Utilizing Gravity Data to Assess Crustal Thickness and Stability in Southern Nigeria

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Abstract:

This research investigates the application of gravity data to determine crustal thickness and the stability of parts of southern Nigeria. Empirical relations, spectral analysis, and 2-D gravity modeling techniques were employed on the bouguer gravity data within the study area. Three empirical relations correlating bouguer gravity with crustal thickness were used to calculate crustal thicknesses. Additionally, the depth ranges to major density interfaces (basement surface, Conrad, and crustal thickness) were determined through spectral analysis of the bouguer anomalies, dividing the bouguer gravity map into thirty sections.

Two-dimensional (2-D) gravity models of the earth’s crust were constructed along three profiles trending in NE, SE, and SW directions. These models, combined with geological and geophysical information, provided correlated crustal thickness values for the study area. The results from the 2-D crustal models revealed that the upper and lower parts of the profiles exhibited a crustal thickness ranging from 28 km to 39 km. The bouguer anomaly of the study area varied from 30 mGal to 0 mGal, 40 mGal to 0 mGal, and 40 mGal to 20 mGal with the three approaches, resulting in average crustal thicknesses of 30 km to 37 km, 30.2 km to 35.6 km, and 28 km to 39 km, respectively. The three different approaches showed a good correlation in the average crustal thickness values obtained.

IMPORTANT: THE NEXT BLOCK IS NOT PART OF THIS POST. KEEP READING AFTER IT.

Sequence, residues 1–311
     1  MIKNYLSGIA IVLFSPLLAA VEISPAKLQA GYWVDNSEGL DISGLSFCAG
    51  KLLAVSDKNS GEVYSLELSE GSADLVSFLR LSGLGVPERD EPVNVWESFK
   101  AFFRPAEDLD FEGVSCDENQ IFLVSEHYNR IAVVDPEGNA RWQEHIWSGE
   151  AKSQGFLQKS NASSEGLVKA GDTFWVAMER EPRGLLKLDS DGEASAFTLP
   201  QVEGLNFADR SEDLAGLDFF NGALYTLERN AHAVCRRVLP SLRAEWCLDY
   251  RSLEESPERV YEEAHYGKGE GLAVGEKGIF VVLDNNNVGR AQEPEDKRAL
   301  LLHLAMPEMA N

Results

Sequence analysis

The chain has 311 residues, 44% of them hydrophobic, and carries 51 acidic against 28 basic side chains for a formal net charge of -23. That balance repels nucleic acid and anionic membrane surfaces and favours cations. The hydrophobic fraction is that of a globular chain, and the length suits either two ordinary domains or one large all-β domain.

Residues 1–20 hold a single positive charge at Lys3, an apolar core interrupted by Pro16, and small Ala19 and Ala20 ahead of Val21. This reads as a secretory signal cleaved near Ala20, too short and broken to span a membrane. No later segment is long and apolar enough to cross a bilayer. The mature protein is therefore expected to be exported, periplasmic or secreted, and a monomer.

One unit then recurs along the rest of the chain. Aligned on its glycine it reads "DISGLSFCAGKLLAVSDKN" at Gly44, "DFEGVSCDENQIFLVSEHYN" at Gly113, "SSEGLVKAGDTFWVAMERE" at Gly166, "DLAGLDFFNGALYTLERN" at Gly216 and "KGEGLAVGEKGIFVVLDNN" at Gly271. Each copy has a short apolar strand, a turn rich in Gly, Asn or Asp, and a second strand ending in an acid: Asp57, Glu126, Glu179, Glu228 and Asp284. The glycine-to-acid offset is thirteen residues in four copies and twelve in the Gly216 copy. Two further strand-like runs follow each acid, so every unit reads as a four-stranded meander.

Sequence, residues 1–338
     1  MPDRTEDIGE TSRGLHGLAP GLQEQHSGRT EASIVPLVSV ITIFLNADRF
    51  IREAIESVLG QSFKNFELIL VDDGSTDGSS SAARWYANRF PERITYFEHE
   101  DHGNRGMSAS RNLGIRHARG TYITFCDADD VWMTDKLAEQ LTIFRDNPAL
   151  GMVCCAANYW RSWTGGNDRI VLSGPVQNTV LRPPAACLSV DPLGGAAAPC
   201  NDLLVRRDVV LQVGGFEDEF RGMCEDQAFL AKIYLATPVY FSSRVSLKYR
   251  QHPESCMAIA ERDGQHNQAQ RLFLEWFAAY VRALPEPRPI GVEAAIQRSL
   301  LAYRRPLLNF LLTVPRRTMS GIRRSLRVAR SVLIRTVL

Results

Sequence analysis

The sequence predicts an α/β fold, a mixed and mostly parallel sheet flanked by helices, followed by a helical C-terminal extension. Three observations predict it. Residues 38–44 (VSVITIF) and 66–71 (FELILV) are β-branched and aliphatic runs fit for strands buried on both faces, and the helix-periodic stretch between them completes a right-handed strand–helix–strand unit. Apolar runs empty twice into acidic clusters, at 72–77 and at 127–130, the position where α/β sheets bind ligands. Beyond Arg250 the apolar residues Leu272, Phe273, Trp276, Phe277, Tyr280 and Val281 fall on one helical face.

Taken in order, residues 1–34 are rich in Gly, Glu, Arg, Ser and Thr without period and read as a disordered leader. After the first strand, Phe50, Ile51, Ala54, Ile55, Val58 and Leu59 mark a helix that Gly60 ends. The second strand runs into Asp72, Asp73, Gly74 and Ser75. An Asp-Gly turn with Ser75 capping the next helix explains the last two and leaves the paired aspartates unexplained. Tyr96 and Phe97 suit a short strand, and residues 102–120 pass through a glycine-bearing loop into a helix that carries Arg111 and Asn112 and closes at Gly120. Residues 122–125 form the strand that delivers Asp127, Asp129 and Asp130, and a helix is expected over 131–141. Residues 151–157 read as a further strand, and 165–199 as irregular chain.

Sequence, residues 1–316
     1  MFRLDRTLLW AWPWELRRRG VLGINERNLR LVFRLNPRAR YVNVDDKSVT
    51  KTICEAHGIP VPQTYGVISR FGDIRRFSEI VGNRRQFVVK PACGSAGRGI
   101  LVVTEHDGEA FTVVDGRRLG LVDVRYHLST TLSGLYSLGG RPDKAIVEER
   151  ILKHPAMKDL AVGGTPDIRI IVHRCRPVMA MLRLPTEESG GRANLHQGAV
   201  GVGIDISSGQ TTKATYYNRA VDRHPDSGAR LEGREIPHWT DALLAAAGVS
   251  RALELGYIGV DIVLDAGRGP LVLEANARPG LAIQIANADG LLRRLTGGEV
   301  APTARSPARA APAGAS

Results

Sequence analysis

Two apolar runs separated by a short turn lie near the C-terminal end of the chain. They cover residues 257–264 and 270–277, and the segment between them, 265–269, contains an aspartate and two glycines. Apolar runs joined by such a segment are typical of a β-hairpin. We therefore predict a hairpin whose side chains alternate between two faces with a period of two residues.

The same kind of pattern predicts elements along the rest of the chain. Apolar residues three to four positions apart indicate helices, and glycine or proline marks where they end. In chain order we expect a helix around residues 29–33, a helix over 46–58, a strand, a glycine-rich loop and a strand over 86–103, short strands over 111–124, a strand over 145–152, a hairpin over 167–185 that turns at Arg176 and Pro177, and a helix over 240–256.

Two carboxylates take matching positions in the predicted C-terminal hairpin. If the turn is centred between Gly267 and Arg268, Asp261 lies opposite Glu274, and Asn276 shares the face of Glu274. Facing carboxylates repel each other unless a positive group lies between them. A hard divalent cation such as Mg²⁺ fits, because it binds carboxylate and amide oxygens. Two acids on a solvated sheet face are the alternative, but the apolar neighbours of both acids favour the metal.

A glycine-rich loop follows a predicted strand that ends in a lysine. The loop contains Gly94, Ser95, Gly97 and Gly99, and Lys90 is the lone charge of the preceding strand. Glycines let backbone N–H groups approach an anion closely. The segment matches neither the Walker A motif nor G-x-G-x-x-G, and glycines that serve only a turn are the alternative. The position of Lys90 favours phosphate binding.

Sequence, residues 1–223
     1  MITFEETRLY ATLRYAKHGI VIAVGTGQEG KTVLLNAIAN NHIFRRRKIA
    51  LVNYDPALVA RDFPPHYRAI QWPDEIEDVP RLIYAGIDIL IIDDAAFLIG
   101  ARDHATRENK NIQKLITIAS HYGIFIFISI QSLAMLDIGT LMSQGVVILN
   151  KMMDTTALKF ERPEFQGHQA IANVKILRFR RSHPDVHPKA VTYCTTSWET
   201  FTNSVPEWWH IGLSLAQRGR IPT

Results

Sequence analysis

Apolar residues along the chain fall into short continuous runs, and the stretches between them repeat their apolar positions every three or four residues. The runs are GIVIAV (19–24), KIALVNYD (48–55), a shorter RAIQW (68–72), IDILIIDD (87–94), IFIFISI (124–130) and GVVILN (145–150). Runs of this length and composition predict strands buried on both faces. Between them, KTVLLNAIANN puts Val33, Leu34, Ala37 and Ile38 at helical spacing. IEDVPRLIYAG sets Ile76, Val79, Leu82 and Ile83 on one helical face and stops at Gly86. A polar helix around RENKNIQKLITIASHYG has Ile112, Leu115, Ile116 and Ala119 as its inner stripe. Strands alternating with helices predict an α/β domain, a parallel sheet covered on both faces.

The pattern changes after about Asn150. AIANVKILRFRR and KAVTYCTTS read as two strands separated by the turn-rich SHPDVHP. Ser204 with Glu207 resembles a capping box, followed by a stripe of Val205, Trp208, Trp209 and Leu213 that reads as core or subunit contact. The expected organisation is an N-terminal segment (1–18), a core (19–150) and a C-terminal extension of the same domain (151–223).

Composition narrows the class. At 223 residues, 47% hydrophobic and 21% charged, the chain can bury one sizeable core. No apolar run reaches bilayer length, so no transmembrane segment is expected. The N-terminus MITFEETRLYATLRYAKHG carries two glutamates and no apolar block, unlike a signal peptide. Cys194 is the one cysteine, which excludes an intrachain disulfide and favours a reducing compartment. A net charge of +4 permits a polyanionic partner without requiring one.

Based on these findings, the study area is characterized by a high crustal thickness ranging between 28 km to 39 km. Gravity anomaly profiles were modeled along lines drawn in different directions, covering distances between 230 km to 340 km. These profiles helped ascertain crustal thicknesses underlying the study area, with values ranging from 30 km to 38 km. The models identified and delineated boundaries between the Upper Crust, Lower Crust, and Mantle, characterized by densities of 2.7 g/cm3, 2.8 g/cm3, and 3.2 g/cm3, respectively.

The study indicates that the crustal thickness and density have a significant influence on the tectonic stability of the region. As the crustal thicknesses found in the study area are not located in any active plate boundaries (margins), this suggests the tectonic stability of the region. The results contribute to a better understanding of the geological characteristics and tectonic stability of southern Nigeria.

Utilizing Gravity Data to Assess Crustal Thickness and Stability in Southern Nigeria.

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